Diary of an Expat, Part 63
Leaving the states again, reflections
So a few lessons from being back in the States for awhile (this is something I've done a couple times this year, for work and so forth, so maybe I am less of an expatriate than I ought to be)...

Roaming charges are ridiculous. My choice was either a) pay for 1 MB of data or b) pay the same amount for ten days of unlimited data via a prepaid SIM card. How the hell does that even work? What's wrong with your telcos?

Coffee is also a bit ridiculous. I wandered around to a couple different shops looking for suitable beans and all of them were pretty subpar. People often accuse Starbucks of having coffee that tastes burnt but I honestly don't know how you guys can tell because that's what you do to all your coffee >:[ Or it could be that Denver is just a coffee dead zone?

Hrm.

Airport security is bothering me less these days; anyhow, I find that it bothers me substantially less than customs does, and that's something that every country is complicit in — many of them far, far worse than the US. The UK, son, I'm looking at you.

One thing I will say, however, is that I presume most expatriates and travellers have something that, from time to time, reminds them of where they're from and why they'd like to get back there. You know, like a favorite food, or a favorite hangout, or a television program you can't get anywhere else.

For Berlin this special something is almost certainly the public transportation network, which I will be availing myself of anon. For the United States, however, it's a saying — a phrase, rather. It's the opening two paragraphs of the Declaration of Independence.

This is a document that, for what it's worth, I'm not even sure Americans are all that familiar with, and that's a damned shame. It encapsulates two and a half concepts that are fundamental to the American character and I think too many people forget about them. They also represent a fundamentally different paradigm in thinking about governance.

One (and one half) bit of it comes from the bold declaration of the relationship of the government and the people: governments, said Jefferson, derive their just powers from the consent of the governed. That is to say, the government has no authority, no responsibility, and no rights beyond that which we choose to give them.

This social contract is fundamental to understanding why so many Americans have an antagonistic position with regards to their government, and indeed why this is healthy. In the same way as the executive, legislative, and judicial branches provide checks on the behavior of the other two, because the people are the ultimate owners of the government it is right and proper that the two share a border that is being constantly negotiated.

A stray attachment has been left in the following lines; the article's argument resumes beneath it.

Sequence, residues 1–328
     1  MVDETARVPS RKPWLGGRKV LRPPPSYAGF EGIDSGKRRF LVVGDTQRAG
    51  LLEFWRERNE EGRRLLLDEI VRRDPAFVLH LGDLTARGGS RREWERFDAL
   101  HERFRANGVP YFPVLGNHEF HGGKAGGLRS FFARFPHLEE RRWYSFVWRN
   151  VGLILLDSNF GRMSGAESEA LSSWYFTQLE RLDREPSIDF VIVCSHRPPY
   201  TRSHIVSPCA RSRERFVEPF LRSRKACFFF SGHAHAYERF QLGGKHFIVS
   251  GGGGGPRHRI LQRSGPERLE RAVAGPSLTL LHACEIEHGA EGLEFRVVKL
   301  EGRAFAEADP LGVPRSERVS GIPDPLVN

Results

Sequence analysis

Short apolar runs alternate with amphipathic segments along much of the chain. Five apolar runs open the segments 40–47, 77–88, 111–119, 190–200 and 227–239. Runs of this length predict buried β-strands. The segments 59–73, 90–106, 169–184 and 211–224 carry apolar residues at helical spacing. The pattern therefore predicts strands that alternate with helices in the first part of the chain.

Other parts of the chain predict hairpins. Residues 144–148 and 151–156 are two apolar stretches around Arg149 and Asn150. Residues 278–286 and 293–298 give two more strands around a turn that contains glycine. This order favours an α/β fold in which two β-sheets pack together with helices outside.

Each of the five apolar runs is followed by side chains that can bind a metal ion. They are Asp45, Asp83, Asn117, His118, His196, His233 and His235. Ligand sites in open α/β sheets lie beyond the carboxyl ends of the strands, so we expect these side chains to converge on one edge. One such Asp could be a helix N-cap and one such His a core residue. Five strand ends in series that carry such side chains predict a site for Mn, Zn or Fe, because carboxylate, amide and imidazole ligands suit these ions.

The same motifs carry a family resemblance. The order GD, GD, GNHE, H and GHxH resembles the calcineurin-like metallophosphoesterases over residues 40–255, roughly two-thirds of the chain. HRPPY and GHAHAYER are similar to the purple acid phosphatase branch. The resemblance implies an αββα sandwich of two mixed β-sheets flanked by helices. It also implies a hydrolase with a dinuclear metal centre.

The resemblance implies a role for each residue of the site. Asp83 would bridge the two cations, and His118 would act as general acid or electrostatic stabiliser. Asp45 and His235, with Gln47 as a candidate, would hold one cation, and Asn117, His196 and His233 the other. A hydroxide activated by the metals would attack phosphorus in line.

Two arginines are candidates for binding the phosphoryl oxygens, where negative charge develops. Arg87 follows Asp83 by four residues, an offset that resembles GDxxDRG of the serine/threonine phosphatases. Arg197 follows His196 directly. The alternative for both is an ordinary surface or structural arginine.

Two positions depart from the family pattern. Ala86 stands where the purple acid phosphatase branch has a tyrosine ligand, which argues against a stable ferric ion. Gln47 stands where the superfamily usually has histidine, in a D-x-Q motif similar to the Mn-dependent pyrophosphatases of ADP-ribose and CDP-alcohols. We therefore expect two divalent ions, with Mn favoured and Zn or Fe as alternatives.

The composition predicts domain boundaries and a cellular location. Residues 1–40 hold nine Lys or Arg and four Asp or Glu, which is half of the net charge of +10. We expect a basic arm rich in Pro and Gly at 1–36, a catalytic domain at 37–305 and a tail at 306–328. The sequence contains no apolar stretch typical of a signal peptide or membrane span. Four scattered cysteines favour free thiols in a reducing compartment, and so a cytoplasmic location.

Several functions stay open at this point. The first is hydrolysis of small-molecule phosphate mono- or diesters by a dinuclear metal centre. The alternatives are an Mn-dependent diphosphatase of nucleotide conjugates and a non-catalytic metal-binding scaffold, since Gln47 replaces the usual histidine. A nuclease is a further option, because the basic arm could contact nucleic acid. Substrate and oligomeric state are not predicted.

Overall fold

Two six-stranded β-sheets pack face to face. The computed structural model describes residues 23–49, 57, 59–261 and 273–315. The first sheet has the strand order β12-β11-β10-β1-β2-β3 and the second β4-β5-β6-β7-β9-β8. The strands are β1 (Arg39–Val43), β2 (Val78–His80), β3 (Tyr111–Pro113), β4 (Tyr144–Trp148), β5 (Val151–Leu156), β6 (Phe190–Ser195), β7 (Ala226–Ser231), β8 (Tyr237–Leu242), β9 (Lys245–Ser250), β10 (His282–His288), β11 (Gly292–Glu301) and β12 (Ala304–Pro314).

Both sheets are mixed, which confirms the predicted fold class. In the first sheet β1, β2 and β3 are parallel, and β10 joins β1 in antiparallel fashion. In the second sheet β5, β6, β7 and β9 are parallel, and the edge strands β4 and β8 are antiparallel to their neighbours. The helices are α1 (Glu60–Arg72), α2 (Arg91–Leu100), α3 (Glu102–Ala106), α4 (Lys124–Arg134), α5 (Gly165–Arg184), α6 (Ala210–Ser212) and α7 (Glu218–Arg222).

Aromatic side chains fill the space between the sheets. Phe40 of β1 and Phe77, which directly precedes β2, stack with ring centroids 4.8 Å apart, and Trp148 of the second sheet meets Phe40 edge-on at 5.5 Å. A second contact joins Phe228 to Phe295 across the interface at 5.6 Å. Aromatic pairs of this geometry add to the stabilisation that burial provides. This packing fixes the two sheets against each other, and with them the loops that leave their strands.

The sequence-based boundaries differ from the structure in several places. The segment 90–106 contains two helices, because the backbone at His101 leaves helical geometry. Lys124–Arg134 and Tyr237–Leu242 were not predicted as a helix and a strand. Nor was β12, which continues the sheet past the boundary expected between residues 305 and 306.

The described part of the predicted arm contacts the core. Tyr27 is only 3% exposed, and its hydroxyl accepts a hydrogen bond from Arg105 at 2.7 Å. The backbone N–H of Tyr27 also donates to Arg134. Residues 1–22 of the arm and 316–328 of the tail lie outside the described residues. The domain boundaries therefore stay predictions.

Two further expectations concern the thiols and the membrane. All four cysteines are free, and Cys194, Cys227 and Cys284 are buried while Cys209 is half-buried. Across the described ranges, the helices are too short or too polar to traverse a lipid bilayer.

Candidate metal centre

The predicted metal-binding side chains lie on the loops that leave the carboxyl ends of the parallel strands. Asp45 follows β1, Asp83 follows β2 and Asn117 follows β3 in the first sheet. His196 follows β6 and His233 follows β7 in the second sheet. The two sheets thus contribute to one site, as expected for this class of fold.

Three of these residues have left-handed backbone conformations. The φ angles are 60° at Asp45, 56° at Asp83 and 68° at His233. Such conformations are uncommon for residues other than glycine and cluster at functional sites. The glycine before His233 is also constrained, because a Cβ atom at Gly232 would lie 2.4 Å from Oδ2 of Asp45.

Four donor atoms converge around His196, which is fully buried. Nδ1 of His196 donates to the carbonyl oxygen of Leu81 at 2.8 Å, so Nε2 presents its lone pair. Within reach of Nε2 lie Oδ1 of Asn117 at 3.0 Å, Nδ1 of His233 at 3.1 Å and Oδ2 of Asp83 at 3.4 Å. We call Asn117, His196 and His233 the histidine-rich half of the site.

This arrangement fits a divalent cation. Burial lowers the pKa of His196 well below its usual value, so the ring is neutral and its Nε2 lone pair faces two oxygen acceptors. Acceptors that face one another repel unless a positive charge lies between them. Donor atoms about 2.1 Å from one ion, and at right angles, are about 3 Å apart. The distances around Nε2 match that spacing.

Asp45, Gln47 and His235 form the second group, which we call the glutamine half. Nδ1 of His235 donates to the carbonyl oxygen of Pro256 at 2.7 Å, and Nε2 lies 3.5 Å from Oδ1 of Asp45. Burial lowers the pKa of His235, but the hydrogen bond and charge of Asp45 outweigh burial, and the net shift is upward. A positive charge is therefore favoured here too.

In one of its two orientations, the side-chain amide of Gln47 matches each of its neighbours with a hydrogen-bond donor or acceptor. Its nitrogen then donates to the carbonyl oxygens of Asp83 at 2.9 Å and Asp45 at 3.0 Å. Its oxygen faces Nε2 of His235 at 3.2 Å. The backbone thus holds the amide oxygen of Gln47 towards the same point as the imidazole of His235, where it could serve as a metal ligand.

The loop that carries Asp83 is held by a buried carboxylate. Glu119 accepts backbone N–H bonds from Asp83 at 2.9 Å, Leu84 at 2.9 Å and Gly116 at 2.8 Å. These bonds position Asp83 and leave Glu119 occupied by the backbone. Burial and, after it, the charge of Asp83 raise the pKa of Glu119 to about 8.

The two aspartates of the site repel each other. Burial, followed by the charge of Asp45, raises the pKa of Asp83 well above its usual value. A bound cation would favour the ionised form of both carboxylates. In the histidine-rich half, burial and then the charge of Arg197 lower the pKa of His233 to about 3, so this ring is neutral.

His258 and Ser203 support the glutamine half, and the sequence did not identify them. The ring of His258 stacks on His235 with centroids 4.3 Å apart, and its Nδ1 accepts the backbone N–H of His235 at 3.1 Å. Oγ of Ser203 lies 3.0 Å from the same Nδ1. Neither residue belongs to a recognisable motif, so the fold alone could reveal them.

The one-half bit is an explicit understanding that when the government ceases to serve the needs of its people (that is, when it fails to accomplish its one and only goal, which is to secure their life and liberty) it is the right of the people to alter or to abolish it. This is less relevant these days, but there is nothing special or immutable about our leaders; they are not divine, they were not appointed by a higher power, and if we do not like them we can get the hell rid of them (this in particular is something I think Americans are also loathe to accept).

The other point lies in the enumeration of rights themselves. Jefferson was not the first to articulate this position, but it is his phrasing that has tended to stick with us: not only that all people are created equal, but that we are endowed by our creator with certain unalienable rights.

In other words: life, liberty, the pursuit of happiness, and other such rights are not granted by anyone. We just have them, merely as a consequence of being human. All anyone can do is to take them away. This is I would argue why, in general, Americans are more militant about defending their rights, and why in general it is the side of preserving them that wins out, to the detriment of other things.

Phrases like "life, liberty," and so on are repeated by Europeans but from my discussions with them they are far more willing than I to accept restrictions on those rights, and also far more likely to see the government as an arbiter of what is and is not permissible, and less a guard thereof.

I realize that this is something I talked about the week before last, too, but being back in the States helped me solidify my position with a bit more clarity. i go back and forth as to whether or not the American experiment is successful, or whether or not it can even possibly endure, but it is rare that I doubt the sincerity or the properness of its ideals.
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